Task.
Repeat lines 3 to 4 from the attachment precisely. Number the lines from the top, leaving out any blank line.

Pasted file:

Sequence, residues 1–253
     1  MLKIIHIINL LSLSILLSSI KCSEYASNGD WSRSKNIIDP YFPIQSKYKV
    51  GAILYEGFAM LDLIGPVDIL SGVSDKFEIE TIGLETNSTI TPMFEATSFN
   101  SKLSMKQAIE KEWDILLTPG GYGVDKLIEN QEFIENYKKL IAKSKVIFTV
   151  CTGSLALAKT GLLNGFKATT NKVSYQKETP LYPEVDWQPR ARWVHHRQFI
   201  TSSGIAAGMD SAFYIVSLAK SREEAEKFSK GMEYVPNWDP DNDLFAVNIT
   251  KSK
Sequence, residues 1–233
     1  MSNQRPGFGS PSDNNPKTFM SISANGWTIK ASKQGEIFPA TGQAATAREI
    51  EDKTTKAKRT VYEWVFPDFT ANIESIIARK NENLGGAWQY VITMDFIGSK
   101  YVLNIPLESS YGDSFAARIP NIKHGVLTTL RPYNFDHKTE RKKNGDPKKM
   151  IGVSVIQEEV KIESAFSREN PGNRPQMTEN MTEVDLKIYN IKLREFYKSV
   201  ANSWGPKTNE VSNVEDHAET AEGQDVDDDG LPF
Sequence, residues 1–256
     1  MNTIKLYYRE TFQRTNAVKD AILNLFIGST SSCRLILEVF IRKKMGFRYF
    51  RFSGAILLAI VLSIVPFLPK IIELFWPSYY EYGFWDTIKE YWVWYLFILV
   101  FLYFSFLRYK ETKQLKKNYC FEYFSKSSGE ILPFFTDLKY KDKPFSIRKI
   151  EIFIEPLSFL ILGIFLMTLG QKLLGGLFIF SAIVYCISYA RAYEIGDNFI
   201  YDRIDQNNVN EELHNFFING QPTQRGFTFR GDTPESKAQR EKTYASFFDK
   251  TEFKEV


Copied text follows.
    51  GAILYEGFAM LDLIGPVDIL SGVSDKFEIE TIGLETNSTI TPMFEATSFN
   101  SKLSMKQAIE KEWDILLTPG GYGVDKLIEN QEFIENYKKL IAKSKVIFTV